So yesterday’s Snowmageddon turned everything you used to know as your backyard into one soft white playground for your dog. Of course, your four legged friend cannot wait to get out there and roll around the fresh snow for a while and maybe play a round or two of fetch the snowball.
That’s all fine and good, but when Fluffy comes back inside, you’ve got yourself an abominable snow-dog. Little frozen orbs of ice cling to your dog's fur which will not only create a wet mess in your house, but can make your pup pretty uncomfortable too. How much would you enjoy walking with little ice rocks under your feet?
Dogs that have longer fur tend to be much more susceptible to getting ice matted into their fur. And if you have ever tried yanking the ice balls out of the fur after the outdoor fun, you know how much your dog likes it. (Hint: your dog doesn’t like it!)
So, here are some tips to prepare your dog for snow BEFORE leaving the house:
- Keeping your dog’s toenails trimmed will help by allowing your dog to keep their toes closer together. Long, untrimmed nails will force the toes to spread apart, creating a perfect space for ice balls to get stuck.
- Applying a small amount of petroleum jelly around your dogs paws and in between the toes will help prevent any build up. There are some products out there specifically for this, but petroleum jelly will work just fine.
- While your dog is playing outside, stop every once in a while to brush them off as best as you can to prevent ice balls from forming.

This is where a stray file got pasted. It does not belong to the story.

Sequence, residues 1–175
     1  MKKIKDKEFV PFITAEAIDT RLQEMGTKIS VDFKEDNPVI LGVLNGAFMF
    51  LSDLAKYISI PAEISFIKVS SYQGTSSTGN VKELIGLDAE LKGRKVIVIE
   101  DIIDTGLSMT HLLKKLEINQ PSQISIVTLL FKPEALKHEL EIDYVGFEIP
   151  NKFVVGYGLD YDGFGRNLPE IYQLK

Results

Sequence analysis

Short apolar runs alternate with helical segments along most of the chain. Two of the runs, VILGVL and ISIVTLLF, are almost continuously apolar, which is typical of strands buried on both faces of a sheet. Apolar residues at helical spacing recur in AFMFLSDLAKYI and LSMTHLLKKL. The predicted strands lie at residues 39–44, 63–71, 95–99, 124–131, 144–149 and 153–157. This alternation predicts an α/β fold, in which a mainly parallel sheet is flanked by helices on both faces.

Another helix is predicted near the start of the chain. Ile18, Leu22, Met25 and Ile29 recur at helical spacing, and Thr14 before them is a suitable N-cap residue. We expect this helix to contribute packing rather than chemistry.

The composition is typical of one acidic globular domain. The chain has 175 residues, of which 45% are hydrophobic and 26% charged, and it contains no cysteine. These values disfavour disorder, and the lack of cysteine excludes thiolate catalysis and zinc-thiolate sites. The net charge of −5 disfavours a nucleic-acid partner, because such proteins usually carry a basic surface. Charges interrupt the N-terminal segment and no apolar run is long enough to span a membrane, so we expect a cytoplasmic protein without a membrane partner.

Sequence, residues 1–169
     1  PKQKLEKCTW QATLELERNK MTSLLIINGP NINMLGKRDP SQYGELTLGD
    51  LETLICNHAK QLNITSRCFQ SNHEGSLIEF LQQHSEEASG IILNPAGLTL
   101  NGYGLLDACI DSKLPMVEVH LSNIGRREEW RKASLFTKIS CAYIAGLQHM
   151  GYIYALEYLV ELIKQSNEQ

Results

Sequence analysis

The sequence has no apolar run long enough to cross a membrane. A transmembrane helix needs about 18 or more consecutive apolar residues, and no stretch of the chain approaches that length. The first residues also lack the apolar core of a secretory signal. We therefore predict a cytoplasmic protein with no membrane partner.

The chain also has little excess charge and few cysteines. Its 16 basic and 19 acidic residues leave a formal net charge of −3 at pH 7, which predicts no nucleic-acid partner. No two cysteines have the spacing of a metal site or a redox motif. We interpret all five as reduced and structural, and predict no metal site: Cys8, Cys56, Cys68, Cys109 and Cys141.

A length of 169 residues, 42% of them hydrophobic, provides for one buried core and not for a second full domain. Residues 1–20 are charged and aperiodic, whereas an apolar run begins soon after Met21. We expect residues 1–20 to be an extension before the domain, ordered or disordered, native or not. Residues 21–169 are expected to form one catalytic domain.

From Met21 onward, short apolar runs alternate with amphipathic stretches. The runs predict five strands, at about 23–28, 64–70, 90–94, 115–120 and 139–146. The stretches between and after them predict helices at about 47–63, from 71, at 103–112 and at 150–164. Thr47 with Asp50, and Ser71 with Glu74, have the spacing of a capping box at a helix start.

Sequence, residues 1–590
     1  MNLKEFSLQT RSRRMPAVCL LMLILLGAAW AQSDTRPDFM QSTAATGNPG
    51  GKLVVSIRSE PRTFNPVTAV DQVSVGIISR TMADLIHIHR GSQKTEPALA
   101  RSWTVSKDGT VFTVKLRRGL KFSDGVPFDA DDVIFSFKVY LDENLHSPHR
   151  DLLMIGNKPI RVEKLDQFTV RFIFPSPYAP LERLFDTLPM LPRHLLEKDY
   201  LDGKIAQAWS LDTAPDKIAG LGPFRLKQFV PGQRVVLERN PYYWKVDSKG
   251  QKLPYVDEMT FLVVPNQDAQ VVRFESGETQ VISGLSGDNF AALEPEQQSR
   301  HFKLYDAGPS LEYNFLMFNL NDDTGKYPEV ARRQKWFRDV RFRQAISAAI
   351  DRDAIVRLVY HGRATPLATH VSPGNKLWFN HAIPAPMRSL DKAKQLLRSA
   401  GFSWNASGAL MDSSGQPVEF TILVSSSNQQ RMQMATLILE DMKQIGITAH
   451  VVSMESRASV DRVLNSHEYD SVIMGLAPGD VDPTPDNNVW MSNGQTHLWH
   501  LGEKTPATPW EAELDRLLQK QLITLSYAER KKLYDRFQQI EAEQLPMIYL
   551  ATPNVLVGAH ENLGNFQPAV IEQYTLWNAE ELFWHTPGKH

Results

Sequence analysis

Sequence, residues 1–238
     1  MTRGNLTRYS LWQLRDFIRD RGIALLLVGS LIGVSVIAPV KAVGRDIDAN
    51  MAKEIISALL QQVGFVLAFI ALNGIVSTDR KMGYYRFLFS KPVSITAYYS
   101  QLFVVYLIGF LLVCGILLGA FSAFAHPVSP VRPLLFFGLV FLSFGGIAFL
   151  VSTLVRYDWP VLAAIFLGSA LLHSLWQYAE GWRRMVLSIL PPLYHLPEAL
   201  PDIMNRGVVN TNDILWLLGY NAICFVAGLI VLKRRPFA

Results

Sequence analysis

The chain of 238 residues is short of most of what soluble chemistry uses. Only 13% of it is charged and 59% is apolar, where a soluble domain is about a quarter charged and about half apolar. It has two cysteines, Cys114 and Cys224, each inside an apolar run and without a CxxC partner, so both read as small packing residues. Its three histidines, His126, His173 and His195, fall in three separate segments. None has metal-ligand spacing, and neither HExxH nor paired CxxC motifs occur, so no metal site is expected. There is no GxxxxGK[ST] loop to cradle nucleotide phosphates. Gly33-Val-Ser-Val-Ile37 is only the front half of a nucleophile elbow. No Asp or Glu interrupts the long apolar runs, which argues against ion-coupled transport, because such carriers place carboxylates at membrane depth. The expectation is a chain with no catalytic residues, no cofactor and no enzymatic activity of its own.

- Of course, covering up your dog with a favorite four legged sweater or boots will be the most effective method of preventing ice.
- It’s always good to keep your dog well groomed, and this is one more reason to do so. Shorter fur is less susceptible to problems with ice.
Perhaps it’s the excitement of a snow day, but most of us are only human, and we will be dealing with the ice balls in an “uh-oh moment” just moments after coming inside.
Here’s What to Do AFTER the ice balls have formed.
- Soak those itty bitty puppy paws in a bowl of warm, not hot, water. Don’t make the water too hot as you don’t want to shock the paws after their romp around the winter wonderland. This method will melt the snow pretty quickly if Max isn’t too amped up.
- With the snow on the rest of your dog’s body, you can use a warm towel or a hair dryer on a low setting to melt off the ice.
- After removing the snow, those paws will be nice and dry. They need a high quality balm or coconut oil to bring some moisture and life back into the pads. If you’re not too familiar with how to use it, we posted a neat article on everything you need to know about coconut oil for dogs that should help.
So that’s it, now you know how to deal with snow and ice on your abominable snow dog, and you can enjoy the wonderful winter playground without having to bring home a yeti.